Brilliant blog posts on HonestMum.com

My Random Musings
Diary of An Imperfect Mum

There’s no Place Like (Our) Home

23 Jun

 

When you live in your special getaway retreat you never need a getaway!!

Cerdyn Villa, our home, your retreat, our bit of ‘heaven on earth’, in the middle of the Heart of Wales, in the quirkiest town in the UK, Llanwrtyd Wells

There are weekends of insanity and partying in the town if you want it- Man v Horse, Real Ale Wobble, World Bog Snorkelling, World Alternative Games, Welsh Open Stone Skimming, Mountain Bike Chariot Racing.

There is open space, picturesque expansive vistas, tranquility and natural beauty in abundance for walking, cycling, driving, bird watching, relaxing, sitting, meditating and being at one with nature.

There is our home.  A home away from home.  A place to relax, potter, sleep, laugh, chat. A place to simply BE.

We found our home by luck.  We wallow in the good fortune of living here daily.  Come rain or shine.  Our own space.  The surrounding space.  The community.  The Friday nights with friends .  The reality of this magical spot in the the heart of The Heart of Wales.

 

 

 

Lies, Damned Lies and Statistics

20 Apr

I believe it was Mark Twain who popularised the saying “Lies, damned lies and statistics.”  It basically means the use of numbers as a persuasive power to bolster a weak argument.  Numbers don’t lie.  But their interpretation can.

Yesterday evening I went along to one of the consultation meetings in relation to the South Powys High School restructuring (Builth, Llandrindod, Brecon, Gwernyfed). This came about as a result of a Cabinet approved School Transformation Policy (Nov 2014).

Let’s be clear, I have one son, he’s 18, finishes his High School education this June and in theory I need no longer worry on a personal level about the state of schools and education in Wales.  However, I believe the quality and availability of schooling in an area is a primary factor for families looking to move in and invest there.  All communities require the arrival of new young families.  They also need to ensure that the area remains attractive to the youngsters already there and that services are in place so they don’t elect to move away when they have children of their own to educate.  Without local schools, any town or village is in danger of becoming a retirement village.. not that I have anything against retired people, I hope to be one myself in the not too distant future.   Communities need a demographic mix.

So I went to the meeting because I was interested , and also because as a standing Assembly candidate I had been prompted with an invitation.  There I was sat in my reserved seat at the front of the large sports hall, swiveled round to observe the audience.  I went to show support and listen.  I did have some thoughts and would have spoken had those points not been raised, but the community had it together.  They were informed, clear and articulate in their disapproval, contempt and lack of faith in the plans and the abilities of those in charge of them to effectively implement them.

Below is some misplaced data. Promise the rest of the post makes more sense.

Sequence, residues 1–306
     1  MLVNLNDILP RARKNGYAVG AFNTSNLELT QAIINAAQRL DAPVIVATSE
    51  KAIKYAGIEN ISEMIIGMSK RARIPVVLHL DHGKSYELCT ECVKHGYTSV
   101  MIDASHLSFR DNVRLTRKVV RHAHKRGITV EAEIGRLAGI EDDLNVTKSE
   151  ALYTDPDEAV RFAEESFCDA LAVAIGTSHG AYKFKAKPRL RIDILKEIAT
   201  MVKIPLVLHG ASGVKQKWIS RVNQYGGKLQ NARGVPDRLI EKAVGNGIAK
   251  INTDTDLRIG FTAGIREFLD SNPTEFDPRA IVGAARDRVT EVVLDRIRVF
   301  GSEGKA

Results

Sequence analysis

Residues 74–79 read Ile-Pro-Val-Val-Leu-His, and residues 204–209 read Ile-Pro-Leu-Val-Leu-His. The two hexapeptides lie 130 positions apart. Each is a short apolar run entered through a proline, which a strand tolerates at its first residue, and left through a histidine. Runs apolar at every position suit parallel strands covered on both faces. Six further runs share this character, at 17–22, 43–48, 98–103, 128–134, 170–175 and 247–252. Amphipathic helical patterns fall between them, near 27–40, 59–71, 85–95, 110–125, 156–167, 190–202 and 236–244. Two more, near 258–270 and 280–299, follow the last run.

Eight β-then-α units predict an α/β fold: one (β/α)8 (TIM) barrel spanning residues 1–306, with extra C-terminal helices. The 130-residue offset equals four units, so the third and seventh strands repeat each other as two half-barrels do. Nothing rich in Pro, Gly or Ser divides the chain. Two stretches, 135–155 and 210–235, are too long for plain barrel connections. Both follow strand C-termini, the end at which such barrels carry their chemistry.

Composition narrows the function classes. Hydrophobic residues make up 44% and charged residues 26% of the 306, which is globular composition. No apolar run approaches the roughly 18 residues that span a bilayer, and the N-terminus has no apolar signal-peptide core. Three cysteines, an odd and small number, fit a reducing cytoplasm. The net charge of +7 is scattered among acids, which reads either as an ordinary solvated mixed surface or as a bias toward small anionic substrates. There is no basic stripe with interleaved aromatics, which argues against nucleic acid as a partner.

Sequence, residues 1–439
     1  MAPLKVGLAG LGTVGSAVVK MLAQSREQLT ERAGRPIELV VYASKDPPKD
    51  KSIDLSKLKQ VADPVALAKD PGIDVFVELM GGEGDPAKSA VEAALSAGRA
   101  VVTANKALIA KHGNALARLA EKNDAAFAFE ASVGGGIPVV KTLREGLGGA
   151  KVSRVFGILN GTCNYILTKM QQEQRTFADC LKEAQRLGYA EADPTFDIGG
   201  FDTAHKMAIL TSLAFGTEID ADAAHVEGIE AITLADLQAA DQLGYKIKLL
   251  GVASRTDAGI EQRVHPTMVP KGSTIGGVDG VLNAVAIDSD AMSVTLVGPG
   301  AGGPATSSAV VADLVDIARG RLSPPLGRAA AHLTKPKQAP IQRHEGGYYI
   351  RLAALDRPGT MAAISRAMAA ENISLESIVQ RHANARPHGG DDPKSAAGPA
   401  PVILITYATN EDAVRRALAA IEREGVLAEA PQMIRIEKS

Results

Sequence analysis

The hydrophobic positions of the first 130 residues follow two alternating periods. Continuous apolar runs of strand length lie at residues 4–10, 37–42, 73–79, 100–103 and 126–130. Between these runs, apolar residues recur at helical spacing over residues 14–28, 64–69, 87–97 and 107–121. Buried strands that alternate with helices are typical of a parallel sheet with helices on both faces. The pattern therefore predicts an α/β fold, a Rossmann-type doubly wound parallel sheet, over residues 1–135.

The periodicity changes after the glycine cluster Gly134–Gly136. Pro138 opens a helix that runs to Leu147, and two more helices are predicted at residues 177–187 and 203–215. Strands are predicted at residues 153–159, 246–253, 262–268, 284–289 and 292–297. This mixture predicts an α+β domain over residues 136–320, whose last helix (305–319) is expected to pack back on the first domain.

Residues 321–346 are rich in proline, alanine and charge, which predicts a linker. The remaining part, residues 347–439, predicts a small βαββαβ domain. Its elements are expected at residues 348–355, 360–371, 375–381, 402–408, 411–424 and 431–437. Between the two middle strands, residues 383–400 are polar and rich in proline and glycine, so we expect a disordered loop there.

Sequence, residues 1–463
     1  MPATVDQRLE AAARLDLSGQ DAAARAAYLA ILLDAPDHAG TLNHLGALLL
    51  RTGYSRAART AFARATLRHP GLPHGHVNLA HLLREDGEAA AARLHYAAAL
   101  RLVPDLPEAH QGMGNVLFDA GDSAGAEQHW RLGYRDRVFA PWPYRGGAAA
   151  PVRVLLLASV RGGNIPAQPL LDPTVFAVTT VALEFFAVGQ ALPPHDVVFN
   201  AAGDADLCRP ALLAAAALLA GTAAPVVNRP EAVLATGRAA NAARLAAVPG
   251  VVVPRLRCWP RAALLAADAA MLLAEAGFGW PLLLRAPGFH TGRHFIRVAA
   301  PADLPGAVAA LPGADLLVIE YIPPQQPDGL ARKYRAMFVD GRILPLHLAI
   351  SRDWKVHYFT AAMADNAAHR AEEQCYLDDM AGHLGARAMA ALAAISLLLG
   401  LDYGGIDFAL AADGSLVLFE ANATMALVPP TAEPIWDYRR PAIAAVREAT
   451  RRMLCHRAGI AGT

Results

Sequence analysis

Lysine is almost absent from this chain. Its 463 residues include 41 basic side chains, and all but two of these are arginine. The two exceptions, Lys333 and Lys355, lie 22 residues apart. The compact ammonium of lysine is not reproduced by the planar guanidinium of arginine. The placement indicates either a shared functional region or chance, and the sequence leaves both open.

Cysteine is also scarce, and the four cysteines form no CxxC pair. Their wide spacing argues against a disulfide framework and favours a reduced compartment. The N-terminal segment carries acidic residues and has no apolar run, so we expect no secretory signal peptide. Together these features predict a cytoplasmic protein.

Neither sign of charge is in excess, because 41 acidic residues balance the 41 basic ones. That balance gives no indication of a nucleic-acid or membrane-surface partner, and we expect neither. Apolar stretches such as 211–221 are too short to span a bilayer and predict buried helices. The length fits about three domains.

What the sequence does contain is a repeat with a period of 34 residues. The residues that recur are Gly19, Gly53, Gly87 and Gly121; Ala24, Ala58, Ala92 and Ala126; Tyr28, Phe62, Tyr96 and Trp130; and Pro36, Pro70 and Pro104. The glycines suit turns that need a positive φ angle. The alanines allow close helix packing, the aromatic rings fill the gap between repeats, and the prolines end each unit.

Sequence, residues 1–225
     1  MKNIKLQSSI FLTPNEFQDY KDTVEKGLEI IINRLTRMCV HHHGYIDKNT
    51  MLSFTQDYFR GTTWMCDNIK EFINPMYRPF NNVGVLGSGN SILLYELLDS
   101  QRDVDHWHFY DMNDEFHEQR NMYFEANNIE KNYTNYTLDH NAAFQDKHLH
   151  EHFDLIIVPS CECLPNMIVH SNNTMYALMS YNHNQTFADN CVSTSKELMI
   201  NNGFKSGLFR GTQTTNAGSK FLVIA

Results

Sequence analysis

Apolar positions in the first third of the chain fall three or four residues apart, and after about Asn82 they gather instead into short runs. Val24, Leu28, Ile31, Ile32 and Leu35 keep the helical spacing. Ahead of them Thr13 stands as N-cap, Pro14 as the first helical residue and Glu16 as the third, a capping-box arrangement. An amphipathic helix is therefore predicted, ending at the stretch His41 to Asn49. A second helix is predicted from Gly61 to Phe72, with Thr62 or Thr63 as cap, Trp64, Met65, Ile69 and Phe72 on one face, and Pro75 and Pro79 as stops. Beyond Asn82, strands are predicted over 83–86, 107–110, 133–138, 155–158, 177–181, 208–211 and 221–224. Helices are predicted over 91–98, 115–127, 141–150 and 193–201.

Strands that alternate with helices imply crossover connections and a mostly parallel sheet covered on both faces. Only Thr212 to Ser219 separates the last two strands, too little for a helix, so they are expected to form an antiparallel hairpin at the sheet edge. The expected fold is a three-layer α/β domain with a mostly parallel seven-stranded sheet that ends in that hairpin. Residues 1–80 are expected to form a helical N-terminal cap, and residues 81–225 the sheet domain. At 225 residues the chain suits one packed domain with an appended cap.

The mood was clear. The parents do not want to give up their Welsh stream or sixth form, The students do not want to give up their Welsh stream or sixth form,  The local councillors don’t want to give up their Welsh stream or sixth form.  The teachers do not want to give up their Welsh stream or sixth form.

The panel appeared disinterested, obtuse and sullen. In the interest of disinterest I have ‘forgotten’ their names. They were however ‘important people’ in high power positions who were not able to say anything that ‘might incriminate them’; so mainly they said nothing.  One looked like he was having a snooze.  One was being particularly obtuse, seeming to deliberately pretend to not quite understand a question if the person presenting the question was a little nervous or tongue-tied in his/her delivery of it.

Their were two representatives there from NPCT who were, embarrassingly (a) not on the panel despite being the only people with answers (if you could call them that) to most of the questions (those in relation to A level provision), and (b) were suitably vague with all their responses mainly ‘we can assure you we can ….”.  .  The Chief Exec was even what I would describe as both exasperated and slightly aggressive in his responses.

So back to those statistics.

They don’t take into account that already some o the pupils in the schools travel so they only talk about shipping the pupils from, say,  Brecon to Builth… Hence those families to the Carmarthenshire side of the school are likely to remove their children from the Powys to Carmarthenshire schools to reduce their kids travel times… numbers will fall (thank you Kirsty Williams for as ever, clearly, concisely and accurately pointing this one out to the panel).  They didn’t allow for those families who would just “go with English” rather than have their kids travel  for a Welsh language education; and they didn’t allow for incomers who might have embraced the Welsh language and grown the culture had the language tuition remained at local level.